Have you ever got back to your car from a shopping trip and found your wing-mirror broken, or you’ve had a bump and the driver hasn’t bothered to stop?
Crash for cash accidents are becoming all too common and it’s not just drivers that do it. People on bikes on pedestrians have also been known to jump in front of cars and pretend their injured.
If you have a dashcam you stand a much better chance of explaining the situation to your insurance company. You might also be able to identify the driver who did the damage.
What is a Dashcam?
It is camera with video and audio. It works while you’re driving, although there are models that will start recording while you’re parked if they detect movement. There are various model to choose from, each one has different features.
This gives a front view only. They are useful if all you want is to record the traffic or a person in front of you. It won’t have a GPS system.
This is more useful than a front facing only, mainly because a lot of accidents occur from behind. With this dashcam you’ll get footage from the front and the rear.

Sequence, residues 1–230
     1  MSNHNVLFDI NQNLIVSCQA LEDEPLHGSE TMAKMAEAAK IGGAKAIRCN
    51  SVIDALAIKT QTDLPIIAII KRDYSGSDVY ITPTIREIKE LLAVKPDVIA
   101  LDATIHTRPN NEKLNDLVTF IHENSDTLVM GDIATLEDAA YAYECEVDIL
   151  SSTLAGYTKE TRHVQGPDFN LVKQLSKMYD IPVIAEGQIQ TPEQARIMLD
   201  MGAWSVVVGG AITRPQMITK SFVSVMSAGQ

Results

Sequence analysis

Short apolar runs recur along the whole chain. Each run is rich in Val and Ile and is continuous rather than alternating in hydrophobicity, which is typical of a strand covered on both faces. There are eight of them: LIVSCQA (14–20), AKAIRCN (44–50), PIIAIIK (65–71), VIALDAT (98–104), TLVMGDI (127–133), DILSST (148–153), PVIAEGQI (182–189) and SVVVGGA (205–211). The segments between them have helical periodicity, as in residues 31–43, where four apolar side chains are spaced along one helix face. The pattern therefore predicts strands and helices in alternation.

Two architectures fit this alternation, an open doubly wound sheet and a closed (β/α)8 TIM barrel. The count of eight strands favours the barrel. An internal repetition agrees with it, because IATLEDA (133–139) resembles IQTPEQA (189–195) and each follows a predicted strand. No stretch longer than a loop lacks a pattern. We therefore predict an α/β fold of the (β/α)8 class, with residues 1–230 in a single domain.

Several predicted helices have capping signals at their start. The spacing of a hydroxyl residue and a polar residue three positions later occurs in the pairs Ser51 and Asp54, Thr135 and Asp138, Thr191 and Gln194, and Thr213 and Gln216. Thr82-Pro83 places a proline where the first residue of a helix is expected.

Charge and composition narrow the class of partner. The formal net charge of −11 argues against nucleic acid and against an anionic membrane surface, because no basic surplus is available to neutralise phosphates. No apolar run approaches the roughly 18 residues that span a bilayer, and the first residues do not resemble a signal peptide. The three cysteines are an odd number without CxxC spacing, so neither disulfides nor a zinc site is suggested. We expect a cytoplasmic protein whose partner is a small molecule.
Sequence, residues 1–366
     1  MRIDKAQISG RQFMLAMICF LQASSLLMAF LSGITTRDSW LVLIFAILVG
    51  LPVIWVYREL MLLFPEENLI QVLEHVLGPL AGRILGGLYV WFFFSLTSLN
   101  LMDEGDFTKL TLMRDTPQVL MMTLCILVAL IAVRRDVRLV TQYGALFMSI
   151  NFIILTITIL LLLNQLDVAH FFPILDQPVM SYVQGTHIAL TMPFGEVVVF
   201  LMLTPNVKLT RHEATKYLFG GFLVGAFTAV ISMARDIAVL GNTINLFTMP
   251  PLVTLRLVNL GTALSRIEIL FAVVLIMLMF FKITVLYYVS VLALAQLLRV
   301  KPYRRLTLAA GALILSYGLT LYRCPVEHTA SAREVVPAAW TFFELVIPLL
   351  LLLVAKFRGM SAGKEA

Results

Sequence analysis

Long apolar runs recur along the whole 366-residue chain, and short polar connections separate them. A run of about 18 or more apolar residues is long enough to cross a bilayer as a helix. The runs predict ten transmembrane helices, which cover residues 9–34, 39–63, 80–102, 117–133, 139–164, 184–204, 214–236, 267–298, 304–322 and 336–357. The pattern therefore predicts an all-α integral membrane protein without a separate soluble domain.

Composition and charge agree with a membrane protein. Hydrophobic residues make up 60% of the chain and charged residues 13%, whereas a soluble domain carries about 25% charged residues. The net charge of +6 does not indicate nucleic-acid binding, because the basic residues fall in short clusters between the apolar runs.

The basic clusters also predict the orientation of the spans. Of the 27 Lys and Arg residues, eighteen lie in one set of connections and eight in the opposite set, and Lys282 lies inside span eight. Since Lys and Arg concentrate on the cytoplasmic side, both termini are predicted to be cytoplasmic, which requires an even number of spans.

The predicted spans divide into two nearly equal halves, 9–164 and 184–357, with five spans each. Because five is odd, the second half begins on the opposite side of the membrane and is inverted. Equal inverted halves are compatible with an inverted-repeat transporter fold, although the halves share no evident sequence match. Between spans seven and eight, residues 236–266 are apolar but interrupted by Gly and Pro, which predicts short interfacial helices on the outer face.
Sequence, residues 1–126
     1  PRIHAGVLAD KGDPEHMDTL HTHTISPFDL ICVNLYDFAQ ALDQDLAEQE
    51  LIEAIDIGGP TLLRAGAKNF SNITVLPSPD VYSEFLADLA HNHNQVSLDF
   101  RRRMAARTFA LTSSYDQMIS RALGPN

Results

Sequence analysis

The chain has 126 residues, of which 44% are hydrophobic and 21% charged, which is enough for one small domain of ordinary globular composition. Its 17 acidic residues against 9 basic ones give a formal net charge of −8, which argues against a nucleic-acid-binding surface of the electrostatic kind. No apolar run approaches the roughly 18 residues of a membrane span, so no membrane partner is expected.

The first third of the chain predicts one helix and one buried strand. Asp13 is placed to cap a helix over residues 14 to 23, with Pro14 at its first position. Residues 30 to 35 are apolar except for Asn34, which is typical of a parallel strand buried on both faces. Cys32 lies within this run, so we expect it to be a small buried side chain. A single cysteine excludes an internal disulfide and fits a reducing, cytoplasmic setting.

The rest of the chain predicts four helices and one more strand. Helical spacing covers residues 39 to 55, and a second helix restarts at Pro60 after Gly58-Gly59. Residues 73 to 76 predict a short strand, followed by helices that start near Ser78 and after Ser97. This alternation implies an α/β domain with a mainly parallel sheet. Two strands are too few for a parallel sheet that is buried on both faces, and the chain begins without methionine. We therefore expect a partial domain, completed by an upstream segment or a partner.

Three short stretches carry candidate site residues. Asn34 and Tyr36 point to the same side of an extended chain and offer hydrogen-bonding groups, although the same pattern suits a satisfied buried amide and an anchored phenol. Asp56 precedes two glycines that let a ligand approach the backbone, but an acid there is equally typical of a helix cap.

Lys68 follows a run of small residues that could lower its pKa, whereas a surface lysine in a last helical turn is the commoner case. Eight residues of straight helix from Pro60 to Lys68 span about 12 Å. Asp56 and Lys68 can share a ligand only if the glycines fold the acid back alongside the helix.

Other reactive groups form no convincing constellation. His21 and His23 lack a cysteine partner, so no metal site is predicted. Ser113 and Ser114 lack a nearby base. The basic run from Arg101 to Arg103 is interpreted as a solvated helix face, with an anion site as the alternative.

More expensive dashcams come with a GPS system. It’s useful if you do a lot of driving around in places you don’t know well. Real time traffic information and front collision warning are also included in some cameras.
How A Dashcam Works
It is different from a video camera which records continually on one file. A dashcam records on short files of between 1 and 3 minutes. Once the memory card is full, the first files are deleted to make room for more. You can safe files though. If you have an accident the dashcam will do it automatically.
Where Do Put a Dashcam?
A dashcam screen is like a GPS system it goes onto your windscreen. You then plug it the cigarette lighter or you can have it wired in permanently.
Does the Screen Stay on when I am Driving?
If you’re using the GPS system, the screen with the maps can stay on. But, you can’t have the screen on as it is recording your journey for the dashcam it has to be turned off.
Is Dashcam Film accepted as Evidence?
Yes. Dashcam evidence is accepted by insurance companies and also in Court. The first-time dash cam footage was used to convict a driver was in 2015.